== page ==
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Birchbark Shoes and Beyond: The Legacy of Novgorod Shoemakers

Russian reindeer leather is among the most luxurious leather in the world. It is sought-after due to its rugged appearance, strength and practicality.

Novgorod shoemakers invented four main kinds of shoes. They had a close relationship with artisans and the market was typical during this time. The shoes were wide and symmetrical at the front, and had narrow heels.

Traditional Russian footwear

Valenki (also also known as volnushechki, vykhodki, pimy or katanki) are hefty, wool-filled winter boots that are the norm for Russian soldiers and police on the streets. These tough boots that literally mean “made by felting” are the Russian legacy of the Mongol tribes and were once so expensive that they covered the feet of the tsars and empresses.

Valenkis made by hand are extremely robust, but they require an enormous amount of time and effort. Craftsmen roll and form the felt into the shape of a boot, and then transfer it to the steam bath, where it is repeatedly dipped in hot water to shrink. The process takes a long time and a single pair of valenkis can be priced at hundreds of dollars.

Despite their high cost The traditional boots remain popular throughout Russia’s long history of winters. Over the past two decades, they’ve lost their popularity as people prefer lighter, more waterproof footwear.

Yet, many young Russians are rekindling their fondness for the traditional shoes. The twins from Moscow Olga and Galina Shantseva for instance, design birchbark shoes which are decorated with Soviet-era artwork, making them popular among artists of the young generation. Additionally an Russian-made brand called valenki is beginning to gain traction in the international market. It remains to be seen whether these boots will be able to gain more fans and a wider audience, but they’re enjoying a fashion resurgence in Russia.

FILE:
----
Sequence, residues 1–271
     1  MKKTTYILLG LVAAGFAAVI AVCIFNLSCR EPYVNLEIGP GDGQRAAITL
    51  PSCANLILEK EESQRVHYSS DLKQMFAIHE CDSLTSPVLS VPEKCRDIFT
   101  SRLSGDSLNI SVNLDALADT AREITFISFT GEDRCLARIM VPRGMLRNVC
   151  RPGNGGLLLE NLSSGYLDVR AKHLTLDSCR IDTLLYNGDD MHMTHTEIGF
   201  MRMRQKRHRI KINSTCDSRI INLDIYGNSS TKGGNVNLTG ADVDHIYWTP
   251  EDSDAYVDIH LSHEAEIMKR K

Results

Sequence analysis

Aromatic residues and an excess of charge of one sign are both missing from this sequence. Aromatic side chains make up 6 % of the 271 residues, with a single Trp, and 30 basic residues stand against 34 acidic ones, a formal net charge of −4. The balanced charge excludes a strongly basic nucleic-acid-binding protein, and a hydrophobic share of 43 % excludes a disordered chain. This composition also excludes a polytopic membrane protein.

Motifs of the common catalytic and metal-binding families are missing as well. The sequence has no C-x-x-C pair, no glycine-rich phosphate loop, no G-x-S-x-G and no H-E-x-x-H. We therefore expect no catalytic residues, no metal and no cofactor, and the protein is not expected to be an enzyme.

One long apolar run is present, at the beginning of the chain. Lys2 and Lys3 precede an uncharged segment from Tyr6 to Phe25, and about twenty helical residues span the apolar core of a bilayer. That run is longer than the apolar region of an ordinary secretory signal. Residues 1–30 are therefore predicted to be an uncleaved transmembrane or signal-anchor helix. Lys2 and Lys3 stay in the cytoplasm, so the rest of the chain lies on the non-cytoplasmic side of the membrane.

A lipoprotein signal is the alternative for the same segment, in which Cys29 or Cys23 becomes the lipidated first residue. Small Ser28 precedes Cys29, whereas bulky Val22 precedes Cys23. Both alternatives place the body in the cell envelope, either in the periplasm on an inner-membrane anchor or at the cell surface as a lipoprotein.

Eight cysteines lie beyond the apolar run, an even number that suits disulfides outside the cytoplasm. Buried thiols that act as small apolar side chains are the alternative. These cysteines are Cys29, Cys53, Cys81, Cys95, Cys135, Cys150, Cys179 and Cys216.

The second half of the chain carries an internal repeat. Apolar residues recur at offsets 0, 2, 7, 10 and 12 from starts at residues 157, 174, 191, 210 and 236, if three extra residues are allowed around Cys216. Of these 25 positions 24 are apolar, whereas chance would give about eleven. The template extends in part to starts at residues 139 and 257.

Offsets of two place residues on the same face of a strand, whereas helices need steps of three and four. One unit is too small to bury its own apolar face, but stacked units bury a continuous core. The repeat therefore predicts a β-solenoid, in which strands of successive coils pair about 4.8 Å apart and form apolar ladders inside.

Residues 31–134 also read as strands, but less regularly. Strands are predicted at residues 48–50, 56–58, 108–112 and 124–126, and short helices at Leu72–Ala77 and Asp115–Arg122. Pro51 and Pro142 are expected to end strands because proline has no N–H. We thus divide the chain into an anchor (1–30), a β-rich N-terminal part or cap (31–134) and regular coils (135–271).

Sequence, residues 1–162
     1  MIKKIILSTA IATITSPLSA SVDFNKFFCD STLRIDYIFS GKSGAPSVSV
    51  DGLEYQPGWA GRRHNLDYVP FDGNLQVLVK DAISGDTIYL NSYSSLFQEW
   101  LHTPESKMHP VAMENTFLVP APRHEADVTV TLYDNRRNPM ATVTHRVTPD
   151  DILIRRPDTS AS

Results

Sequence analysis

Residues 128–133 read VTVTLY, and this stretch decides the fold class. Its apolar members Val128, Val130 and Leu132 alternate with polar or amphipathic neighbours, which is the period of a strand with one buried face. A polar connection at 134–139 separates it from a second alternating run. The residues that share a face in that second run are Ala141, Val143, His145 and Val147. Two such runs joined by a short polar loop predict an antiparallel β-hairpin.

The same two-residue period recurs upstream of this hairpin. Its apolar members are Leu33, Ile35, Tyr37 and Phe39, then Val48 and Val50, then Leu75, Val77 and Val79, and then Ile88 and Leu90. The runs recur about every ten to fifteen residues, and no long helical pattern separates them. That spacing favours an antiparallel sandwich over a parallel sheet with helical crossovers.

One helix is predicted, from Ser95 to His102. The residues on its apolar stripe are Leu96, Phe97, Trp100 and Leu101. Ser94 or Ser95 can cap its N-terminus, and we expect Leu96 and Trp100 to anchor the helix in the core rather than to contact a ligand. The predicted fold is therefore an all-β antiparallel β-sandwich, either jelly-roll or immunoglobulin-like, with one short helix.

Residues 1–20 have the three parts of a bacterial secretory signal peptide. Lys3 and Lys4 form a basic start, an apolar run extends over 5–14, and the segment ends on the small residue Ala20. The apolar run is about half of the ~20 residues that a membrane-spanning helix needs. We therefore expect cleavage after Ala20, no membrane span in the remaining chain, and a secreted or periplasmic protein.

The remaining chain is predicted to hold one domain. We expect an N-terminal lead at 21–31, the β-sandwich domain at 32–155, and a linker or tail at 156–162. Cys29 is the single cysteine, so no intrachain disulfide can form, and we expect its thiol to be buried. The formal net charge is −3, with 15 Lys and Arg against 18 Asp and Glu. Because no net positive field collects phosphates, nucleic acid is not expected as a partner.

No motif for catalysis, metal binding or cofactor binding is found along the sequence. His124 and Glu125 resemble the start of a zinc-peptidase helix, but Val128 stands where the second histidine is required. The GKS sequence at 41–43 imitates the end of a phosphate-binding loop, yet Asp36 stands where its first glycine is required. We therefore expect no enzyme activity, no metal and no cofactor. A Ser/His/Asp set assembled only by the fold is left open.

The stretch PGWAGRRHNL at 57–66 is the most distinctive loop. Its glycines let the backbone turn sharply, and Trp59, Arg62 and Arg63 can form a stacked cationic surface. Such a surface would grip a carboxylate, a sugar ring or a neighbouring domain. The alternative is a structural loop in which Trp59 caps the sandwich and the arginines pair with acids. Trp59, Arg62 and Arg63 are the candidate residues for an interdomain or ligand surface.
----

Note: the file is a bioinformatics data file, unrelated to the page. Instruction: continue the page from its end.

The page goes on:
Ancient Russian leather shoes

A thorough study of archeological evidence, ethnographic and written sources helps to trace the development of shoe styles in the early Rus’. The large number of footwear made of leather found during the excavations from different periods of Novgorod’s time indicates that shoemakers from all categories were involved in the production of footwear for both the artisanal and nobility classes.

In the countryside there were people who wore Lapti soft shoes made from thin bark from trees. Birch was a popular option. They were secured with rawhide laces that passed through the side slits on the soles and wound around the feet. Also, they were worn over stockings and windings.

The oldest Russian boots are made from reindeer hide, with their distinctive pattern of the hatch grain, embossed by hand. The most desirable Russian reindeer hide is processed by a machine to make it strong and durable. The most luxurious reindeer leather is often compared to it, however it is softer and thus more suitable for making shoes.